Finishing up for the day at a small dig site on a Friday afternoon in the summer of 2018 a young archaeologist spotted something — and in doing so cancelled any weekend plans his colleagues had arranged.
Harry Platts, 23 had found what was later to be known as the Havering Hoard, one of the most significant discoveries of recent years, and it was by sheer chance it was found as the cluster of bronze age objects was on the edge of a strip of soil that was not planned to be dug. Just one small axe poking ever so slightly out of the cluster gave the secret away.
Pretty much all plans were cancelled, for while they had sat there for centuries, now they had been discovered, it was vital to protect the discovery. What has been found are four distinct clusters of bronze objects all on the edge of a known bronze age site — and a big mystery.
Over the following year, the items were extracted from the soil, studied and prepared to be put on display for the public to see for the first time in centuries.
The Museum of London Docklands had prepared the space, the labels were ready and all they needed were the objects themselves — packed into crates and ready to be brought to the museum. Then the country went into lockdown, the exhibition unfinished was shuttered for months and the crates put carefully back into storage.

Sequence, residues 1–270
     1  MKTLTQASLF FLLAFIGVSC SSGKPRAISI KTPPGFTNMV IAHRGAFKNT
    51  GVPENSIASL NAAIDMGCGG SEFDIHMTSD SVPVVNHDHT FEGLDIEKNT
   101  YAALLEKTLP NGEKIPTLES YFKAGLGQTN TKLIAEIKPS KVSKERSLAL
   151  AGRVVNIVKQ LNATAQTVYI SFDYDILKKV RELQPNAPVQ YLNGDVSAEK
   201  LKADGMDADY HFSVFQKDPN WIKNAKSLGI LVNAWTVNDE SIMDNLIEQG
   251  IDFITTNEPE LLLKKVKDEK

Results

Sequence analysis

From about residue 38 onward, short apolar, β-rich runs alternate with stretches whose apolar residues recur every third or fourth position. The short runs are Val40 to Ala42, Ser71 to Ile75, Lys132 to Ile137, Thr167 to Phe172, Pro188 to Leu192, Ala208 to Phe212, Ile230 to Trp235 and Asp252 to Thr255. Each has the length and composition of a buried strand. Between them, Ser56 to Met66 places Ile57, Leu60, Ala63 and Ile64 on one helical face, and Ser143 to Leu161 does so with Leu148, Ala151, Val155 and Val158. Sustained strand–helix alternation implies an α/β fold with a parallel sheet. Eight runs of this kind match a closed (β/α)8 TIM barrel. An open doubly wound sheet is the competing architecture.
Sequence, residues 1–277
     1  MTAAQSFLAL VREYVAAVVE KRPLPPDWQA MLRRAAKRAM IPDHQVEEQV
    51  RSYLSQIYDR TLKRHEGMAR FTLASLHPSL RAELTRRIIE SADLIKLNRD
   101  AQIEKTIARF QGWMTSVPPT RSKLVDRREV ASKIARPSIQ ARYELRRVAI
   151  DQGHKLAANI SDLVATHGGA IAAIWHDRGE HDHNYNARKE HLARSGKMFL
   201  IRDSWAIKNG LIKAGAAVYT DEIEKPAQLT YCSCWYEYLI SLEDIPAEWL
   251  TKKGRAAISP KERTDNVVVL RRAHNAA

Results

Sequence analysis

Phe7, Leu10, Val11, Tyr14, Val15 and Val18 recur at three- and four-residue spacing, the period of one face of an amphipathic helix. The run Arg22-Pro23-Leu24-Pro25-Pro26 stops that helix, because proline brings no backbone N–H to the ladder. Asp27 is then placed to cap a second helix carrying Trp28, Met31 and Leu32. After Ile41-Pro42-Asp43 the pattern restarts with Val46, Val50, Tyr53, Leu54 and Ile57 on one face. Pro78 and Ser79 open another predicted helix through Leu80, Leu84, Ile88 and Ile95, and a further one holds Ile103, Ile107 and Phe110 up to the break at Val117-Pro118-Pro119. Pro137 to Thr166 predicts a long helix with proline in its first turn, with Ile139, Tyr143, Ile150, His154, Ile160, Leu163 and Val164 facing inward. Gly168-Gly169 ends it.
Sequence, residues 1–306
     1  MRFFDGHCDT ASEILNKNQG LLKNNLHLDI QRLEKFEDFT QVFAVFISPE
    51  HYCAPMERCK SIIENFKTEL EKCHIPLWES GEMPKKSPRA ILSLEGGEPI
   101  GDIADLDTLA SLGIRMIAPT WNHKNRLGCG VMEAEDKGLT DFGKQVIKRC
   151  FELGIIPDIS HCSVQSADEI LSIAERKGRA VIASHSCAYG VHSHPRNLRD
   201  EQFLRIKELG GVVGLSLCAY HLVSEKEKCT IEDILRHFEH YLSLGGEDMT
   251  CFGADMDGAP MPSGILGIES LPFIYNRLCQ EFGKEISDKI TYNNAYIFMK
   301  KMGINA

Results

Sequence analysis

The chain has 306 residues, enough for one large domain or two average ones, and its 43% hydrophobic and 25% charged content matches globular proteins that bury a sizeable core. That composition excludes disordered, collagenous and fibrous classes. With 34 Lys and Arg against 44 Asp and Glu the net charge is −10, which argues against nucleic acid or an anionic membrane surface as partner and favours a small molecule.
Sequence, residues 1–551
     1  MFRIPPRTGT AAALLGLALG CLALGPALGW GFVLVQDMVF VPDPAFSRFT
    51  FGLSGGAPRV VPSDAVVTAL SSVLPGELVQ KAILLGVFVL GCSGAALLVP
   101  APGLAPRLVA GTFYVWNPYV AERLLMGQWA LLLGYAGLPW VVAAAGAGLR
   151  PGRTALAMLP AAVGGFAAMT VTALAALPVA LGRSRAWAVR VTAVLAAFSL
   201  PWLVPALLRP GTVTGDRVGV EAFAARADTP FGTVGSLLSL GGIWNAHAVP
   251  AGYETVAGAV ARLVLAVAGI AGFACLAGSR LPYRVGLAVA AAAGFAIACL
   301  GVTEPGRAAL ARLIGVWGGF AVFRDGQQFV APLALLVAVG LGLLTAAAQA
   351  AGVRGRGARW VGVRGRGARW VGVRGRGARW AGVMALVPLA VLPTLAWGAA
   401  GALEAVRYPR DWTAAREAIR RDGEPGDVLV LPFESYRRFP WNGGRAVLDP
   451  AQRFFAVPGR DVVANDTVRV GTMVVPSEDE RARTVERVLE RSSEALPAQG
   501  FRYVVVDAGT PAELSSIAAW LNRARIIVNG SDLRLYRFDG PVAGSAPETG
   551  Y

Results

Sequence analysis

But having sat patiently waiting in the soil next to the Thames for nearly 3,000 years, what’s a wait of a few more months?
The horde neatly fills four glass cases, one for each of the clusters that were uncovered, and to add context to the display the museum has lined the room with bronze age objects from other collections to help show what sort of society would have been able to create the Havering Hoard.
It’s a very evocative display. The bronze objects clustered together on a clean dark grey mat seem to bask in their glass cases with a supernatural gloaming. Magical objects whispering of ancient rites and rural incantations.
The ethereal effect makes the bronze age objects feel special in a way that goes beyond mere facts and numbers. They have a life and talk to us across the millennia of the people who crafted them, who used them in their daily lives, and at the last moment, buried them.
Entombed in soil, they have lain untouched ever since.
The great mystery is why the horde exists at all. While some theories suggest ritualistic burial, the more practical one is that bronze is expensive, and was buried to protect it from something, or someone, in preparation to be melted down and turned into something else.
Whoever buried it never returned.
The Havering Hoard will eventually return to Havering, for the local museum, but will also be studied in the decades to come for there are still mysteries about their use and burial, and the site where they were discovered is still being excavated. There may be more discoveries still waiting to be found.
The Havering Hoard is on display at the Museum of London Docklands until 18th April 2021.
Entry is free, with a pre-booked ticket from here.